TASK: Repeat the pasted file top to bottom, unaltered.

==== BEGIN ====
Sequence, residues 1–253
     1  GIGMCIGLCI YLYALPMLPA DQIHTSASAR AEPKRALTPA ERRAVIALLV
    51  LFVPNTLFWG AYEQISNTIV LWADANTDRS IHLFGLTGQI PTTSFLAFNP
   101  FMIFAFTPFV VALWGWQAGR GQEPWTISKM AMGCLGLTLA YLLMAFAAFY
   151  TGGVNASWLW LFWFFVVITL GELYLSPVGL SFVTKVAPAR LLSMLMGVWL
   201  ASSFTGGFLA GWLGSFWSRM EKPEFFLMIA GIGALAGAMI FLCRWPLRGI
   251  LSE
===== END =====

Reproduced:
Sequence, residues 1–253
     1  GIGMCIGLCI YLYALPMLPA DQIHTSASAR AEPKRALTPA ERRAVIALLV
    51  LFVPNTLFWG AYEQISNTIV LWADANTDRS IHLFGLTGQI PTTSFLAFNP
   101  FMIFAFTPFV VALWGWQAGR GQEPWTISKM AMGCLGLTLA YLLMAFAAFY
   151  TGGVNASWLW LFWFFVVITL GELYLSPVGL SFVTKVAPAR LLSMLMGVWL
   201  ASSFTGGFLA GWLGSFWSRM EKPEFFLMIA GIGALAGAMI FLCRWPLRGI
   251  LSE